Lyons Yellin / Sports Reporter
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NEW ORLEANS --After watching the BaltimoreRavens exploit cornerback Patrick Robinson during their 22-13 win over the New Orleans Saints last night, a review of the game film tells a different story. Maybe we shouldn't be so hasty to criticize the oft-injured and much improved Saints cornerback.

I've been adamant in my belief that Robinson is the clear-cut No. 2 starter opposite Keenan Lewis. From everything I've seen of him during camp, it's a no-brainer. In fact, if I was giving out awards, he'd win two: most improved and biggest surprise.

I didn't expect much from Robinson before the season began. How could I? There were legitimate concerns about whether he was healthy after a major knee injury ended his season in Week 2 last year. Furthermore, Robinson had yet to live up to the expectations that inevitably follow first-round draft picks, which he was in 2010.

Indeed, Robinson has been one of the Saints' pleasant surprises this year. When healthy he missed nearly two weeks with a hamstring injury Robinson has demonstrated excellent coverage skills and a knack for pass breakups. Though he didn't play in the second preseason outing against Tennessee, versus St. Louis and Indianapolis, Robinson blanketed his man on nearly every play and was thus hardly tested.

Needless to say, backup quarterback Tyrod Taylor didn't get the memo on Thursday . As I watched Taylor and what appeared to be a host of Baltimore's backup receivers seemingly exploit Robinson last night, some genuine doubt crept in, and admittedly, I began to question whether I had prematurely penciled him in as a starter.

But after a conversation with one of my media cohorts who urged me to examine the film, which I did, I won't abandon my initial evaluation. I still believe, despite last night's rocky showing, Robinson is the Saints' most capable cornerback not named Lewis.

Sure, the Ravens picked on him during their opening drive on two plays, in particular. But, after further review, it wasn't as bad as it seemed.

  1. On third and 3 from their own 29 with the ball on the left hash, the Ravens lined up on in an offset I-formation to the left side with Robinson defending wide receiver Kamar Aiken on the short side of the field. Robinson lined up seven yards off the line and had inside safety help from Vinnie Sunseri.The Saints, meanwhile, were in their nickel coverage with Corey White showing blitz on the right side and Jairus Byrd offering deep safety help. Aiken ran a five-yard comeback. However, when Robinson identified the route and planted to make a play towards the receiver, he slipped, which allowed Aiken to catch and turn upfield for a 13-yard gain.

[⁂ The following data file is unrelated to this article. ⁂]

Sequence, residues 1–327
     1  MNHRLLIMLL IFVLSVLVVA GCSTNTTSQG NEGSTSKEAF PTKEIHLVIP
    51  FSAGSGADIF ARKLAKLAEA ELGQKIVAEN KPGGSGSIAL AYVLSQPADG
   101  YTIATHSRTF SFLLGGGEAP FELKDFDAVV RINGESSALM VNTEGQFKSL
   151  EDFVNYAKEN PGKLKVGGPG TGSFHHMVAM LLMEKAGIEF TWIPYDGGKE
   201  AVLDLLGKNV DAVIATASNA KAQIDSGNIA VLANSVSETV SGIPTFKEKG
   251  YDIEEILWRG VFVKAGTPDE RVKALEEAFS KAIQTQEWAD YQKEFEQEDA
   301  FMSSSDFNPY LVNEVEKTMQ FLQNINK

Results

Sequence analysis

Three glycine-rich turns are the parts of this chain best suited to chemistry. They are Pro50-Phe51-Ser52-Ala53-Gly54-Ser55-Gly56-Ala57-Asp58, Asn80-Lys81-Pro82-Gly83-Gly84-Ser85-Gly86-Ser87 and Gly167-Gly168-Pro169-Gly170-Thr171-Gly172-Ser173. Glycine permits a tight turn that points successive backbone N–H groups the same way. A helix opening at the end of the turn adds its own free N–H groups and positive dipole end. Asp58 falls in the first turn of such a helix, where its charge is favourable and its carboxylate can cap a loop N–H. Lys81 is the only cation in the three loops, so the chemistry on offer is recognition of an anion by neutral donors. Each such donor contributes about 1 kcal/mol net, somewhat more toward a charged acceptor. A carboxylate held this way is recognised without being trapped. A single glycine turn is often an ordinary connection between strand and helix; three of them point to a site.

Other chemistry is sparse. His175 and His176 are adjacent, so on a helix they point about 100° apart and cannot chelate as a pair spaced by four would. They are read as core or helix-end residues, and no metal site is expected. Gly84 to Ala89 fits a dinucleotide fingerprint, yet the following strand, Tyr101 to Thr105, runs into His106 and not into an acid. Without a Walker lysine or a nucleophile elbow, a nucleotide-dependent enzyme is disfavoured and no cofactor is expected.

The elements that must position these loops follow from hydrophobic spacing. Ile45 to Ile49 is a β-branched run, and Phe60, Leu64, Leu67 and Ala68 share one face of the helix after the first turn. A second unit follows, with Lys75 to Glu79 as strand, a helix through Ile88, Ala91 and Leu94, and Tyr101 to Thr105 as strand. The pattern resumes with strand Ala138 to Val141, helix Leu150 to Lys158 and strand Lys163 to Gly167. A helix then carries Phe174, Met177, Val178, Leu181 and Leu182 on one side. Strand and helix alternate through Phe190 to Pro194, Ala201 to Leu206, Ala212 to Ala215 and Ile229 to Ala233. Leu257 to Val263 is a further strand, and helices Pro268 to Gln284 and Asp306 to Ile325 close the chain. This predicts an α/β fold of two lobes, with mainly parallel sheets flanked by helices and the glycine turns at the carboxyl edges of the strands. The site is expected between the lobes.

2. Just two plays later, on first and 10 from the Ravens 43, Robinson again lined up seven yards off he line, only this time he didn't have safety help and wasn't ready for the snap. Robinson looked to be startled when the play began and was woefully out of position despite attempting to quickly adjust. This time, Aiken, who ran a 10-yard stop route, caught the pass from Taylor and turned upfield for a 27-yard gain.

On both plays, Robinson looked to be more concerned with keeping the receiver in front of him, which made him susceptible to both type of routes. I believe this had more to do with the defensive call than Robinson's coverage ability. Let's face it, last night's defense was as vanilla as you'll see from Rob Ryan all season.

The Ravens threw Robinson's way twice more before he left the game in the second quarter. On the first attempt, Robinson actually had good coverage, however Aiken got inside position and Taylor delivered a pinpoint throw for an eight-yard gain. Finally, Taylor completed an 11-yard pass to Deonte Thompson, after which Robinson immediately made the tackle. As with all four balls thrown his way, Robinson seemed utterly focused on not allowing a big play.

After reviewing the film, I still believe Robinson is the Saints' best option opposite Lewis, especially with Champ Bailey fighting a nagging foot injury.

I imagine once the season begins, the Saints will ask Robinson, or whomever plays that No. 2 cornerback position, to utilize more press coverage so as not to allow opposition receivers the space to operate. From everything I've seen from Robinson during the preseason, though, he seems comfortable in the team's more aggressive sets.

And let's be honest, with so many starters resigned to the bench for a meaningless preseason game, the Saints defense was but a modicum of itself. Hence, I'm not willing to let four receptions alter my perception of Robinson. I'll take a more measured approach, as I'm sure the Saints coaches are doing much the same.
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